In this article we have extended the use of fluorescently tagged replication proteins to study the function of replication factors in fission yeast. Cells containing tagged Mcm2–7 and Cdc45 allow two steps leading to S phase to be monitored in single cells, one corresponding to pre-RC formation and the other occurring around DNA replication onset. Cdc45 chromatin association should provide a useful cytological method to distinguish cells in late mitosis/G1 from those in S phase and offers an alternative to methods that cannot be applied to single cells and require synchronization of cell populations.
Using this approach, we have shown that Cdc23 functions after Mcm2 chromatin binding, implying that it is not needed for pre-RC formation, but is necessary for the chromatin association of Cdc45 during replication initiation. This function is conserved between vertebrates and fission yeast, because comparable findings for Mcm10 function have been reported using a soluble in vitro system for DNA replication derived from Xenopus
eggs (Wohlschlegel et al., 2002
). However, in S. cerevisiae
, inactivation of Mcm10 leads to loss of chromatin-associated Mcm2 in G1-arrested cells, leading to the conclusion that Mcm10 is necessary for the earlier step of pre-RC formation (Homesley et al., 2000
). Further work will be required to determine whether this represents an Mcm10 function not conserved in fission yeast or Xenopus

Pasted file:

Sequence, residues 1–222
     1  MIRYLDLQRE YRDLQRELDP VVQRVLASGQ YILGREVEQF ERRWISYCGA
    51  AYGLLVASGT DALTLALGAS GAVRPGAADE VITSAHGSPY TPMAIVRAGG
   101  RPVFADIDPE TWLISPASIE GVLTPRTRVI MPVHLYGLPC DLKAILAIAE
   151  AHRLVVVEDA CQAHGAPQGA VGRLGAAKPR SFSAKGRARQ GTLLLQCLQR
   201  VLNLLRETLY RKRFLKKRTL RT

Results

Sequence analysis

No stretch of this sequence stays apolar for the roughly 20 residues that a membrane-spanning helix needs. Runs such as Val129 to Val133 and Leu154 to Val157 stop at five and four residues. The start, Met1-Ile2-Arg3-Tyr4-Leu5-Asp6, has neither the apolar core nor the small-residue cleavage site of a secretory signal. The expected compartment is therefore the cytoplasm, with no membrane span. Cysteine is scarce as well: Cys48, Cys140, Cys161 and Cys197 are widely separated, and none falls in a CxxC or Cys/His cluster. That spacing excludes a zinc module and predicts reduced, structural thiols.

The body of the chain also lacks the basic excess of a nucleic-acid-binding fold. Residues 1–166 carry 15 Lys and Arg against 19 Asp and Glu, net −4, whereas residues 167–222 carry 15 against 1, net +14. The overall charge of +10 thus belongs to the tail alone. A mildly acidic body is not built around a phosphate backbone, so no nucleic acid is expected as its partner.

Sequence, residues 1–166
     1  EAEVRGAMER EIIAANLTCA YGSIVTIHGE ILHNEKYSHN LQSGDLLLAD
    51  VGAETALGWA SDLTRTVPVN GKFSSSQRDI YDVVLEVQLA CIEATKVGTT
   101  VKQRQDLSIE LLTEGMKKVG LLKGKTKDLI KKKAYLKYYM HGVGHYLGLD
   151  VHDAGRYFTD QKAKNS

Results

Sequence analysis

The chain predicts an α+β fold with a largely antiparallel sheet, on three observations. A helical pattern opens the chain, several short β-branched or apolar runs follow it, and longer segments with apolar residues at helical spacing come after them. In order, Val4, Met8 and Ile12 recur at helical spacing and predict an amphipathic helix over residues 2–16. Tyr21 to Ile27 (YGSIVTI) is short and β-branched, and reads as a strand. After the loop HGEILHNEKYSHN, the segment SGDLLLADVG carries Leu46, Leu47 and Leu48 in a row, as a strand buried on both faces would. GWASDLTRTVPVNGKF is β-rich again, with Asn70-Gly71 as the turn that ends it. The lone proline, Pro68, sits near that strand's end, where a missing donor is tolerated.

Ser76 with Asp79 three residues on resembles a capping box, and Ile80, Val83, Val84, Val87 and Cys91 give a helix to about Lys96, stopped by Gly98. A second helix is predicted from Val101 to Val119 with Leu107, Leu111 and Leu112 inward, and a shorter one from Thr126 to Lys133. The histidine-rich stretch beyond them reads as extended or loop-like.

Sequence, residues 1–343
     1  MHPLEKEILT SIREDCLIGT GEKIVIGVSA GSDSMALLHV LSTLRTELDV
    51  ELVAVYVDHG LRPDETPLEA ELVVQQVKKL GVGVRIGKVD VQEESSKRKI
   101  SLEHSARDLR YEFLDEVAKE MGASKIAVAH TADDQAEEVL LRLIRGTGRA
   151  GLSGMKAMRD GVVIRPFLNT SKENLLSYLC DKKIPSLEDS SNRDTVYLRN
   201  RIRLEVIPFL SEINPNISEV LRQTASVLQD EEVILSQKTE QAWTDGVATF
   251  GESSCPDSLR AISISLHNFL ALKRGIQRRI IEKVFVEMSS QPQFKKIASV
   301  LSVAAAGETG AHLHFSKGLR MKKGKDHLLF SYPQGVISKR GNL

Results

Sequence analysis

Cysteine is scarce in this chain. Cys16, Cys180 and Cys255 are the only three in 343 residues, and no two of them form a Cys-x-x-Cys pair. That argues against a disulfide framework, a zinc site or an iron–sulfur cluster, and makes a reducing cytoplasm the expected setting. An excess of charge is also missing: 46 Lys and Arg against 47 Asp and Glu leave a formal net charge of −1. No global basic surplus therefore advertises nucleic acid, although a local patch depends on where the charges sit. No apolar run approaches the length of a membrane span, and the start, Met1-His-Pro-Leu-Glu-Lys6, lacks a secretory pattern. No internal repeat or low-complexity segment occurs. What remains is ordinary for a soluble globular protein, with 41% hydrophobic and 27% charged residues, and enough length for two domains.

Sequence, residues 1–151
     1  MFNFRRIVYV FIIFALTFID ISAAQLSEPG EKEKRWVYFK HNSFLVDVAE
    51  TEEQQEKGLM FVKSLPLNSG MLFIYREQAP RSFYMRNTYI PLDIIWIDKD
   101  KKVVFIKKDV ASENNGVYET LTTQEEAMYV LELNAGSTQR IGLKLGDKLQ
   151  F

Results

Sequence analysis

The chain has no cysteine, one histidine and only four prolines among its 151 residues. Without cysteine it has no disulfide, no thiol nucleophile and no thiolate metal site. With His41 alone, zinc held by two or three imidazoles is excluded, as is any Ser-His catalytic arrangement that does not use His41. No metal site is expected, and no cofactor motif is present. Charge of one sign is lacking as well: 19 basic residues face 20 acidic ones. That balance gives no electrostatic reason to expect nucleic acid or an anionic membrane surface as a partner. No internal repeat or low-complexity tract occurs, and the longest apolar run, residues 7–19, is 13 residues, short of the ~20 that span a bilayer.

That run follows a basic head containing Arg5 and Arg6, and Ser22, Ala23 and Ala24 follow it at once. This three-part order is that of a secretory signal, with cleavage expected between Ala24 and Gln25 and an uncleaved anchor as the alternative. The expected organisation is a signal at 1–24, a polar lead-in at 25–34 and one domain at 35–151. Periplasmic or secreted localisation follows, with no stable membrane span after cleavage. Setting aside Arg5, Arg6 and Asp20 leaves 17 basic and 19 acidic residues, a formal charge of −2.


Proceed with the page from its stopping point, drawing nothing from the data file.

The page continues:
or is a result of differences in experimental design.
What precisely is the biochemical role of Cdc23/Mcm10 in stimulating Cdc45 chromatin binding? One possibility is that it acts as a molecular tether between Cdc45 and other components of the pre-RC, to allow Cdc45 to associate with chromatin. Once loaded, Cdc45 could carry out origin unwinding (Walter and Newport, 2000
) and subsequent assembly of RPA, polymerase α, and polymerase ε during initiation (Mimura and Takisawa, 1998
; Mimura et al., 2000
; Uchiyama et al., 2001
). Cdc45 is required for elongation of replication forks (Tercero et al., 2000
), and Cdc23/Mcm10 could be essential for elongation by maintaining Cdc45 chromatin association during DNA synthesis. However, we find that if cells are arrested in S phase with HU after the Cdc45 chromatin-binding step, and then Cdc23 is inactivated, most cells retain Cdc45 chromatin association. The possibility that incomplete inactivation of Cdc23 is the explanation for a modest reduction in chromatin bound Cdc45 is not supported by the observation that when cells are released from the HU block in this experiment, they fail to complete S phase. This implies that the cells that retain chromatin associated Cdc45 are incapable of completing DNA replication in the absence of Cdc23 function. One interpretation of these results is that Cdc23/Mcm10 is not simply a tether for Cdc45, but affects Cdc45 chromatin association indirectly. For instance, Cdc23/Mcm10 could catalyze a step after pre-RC formation that is needed for both initiation and elongation. Cdc45 could bind as a consequence of this function at initiation, but, once bound, maintenance of its chromatin association would not be so dependent on Cdc23/Mcm10's function during elongation. While this article was under review, Lee et al.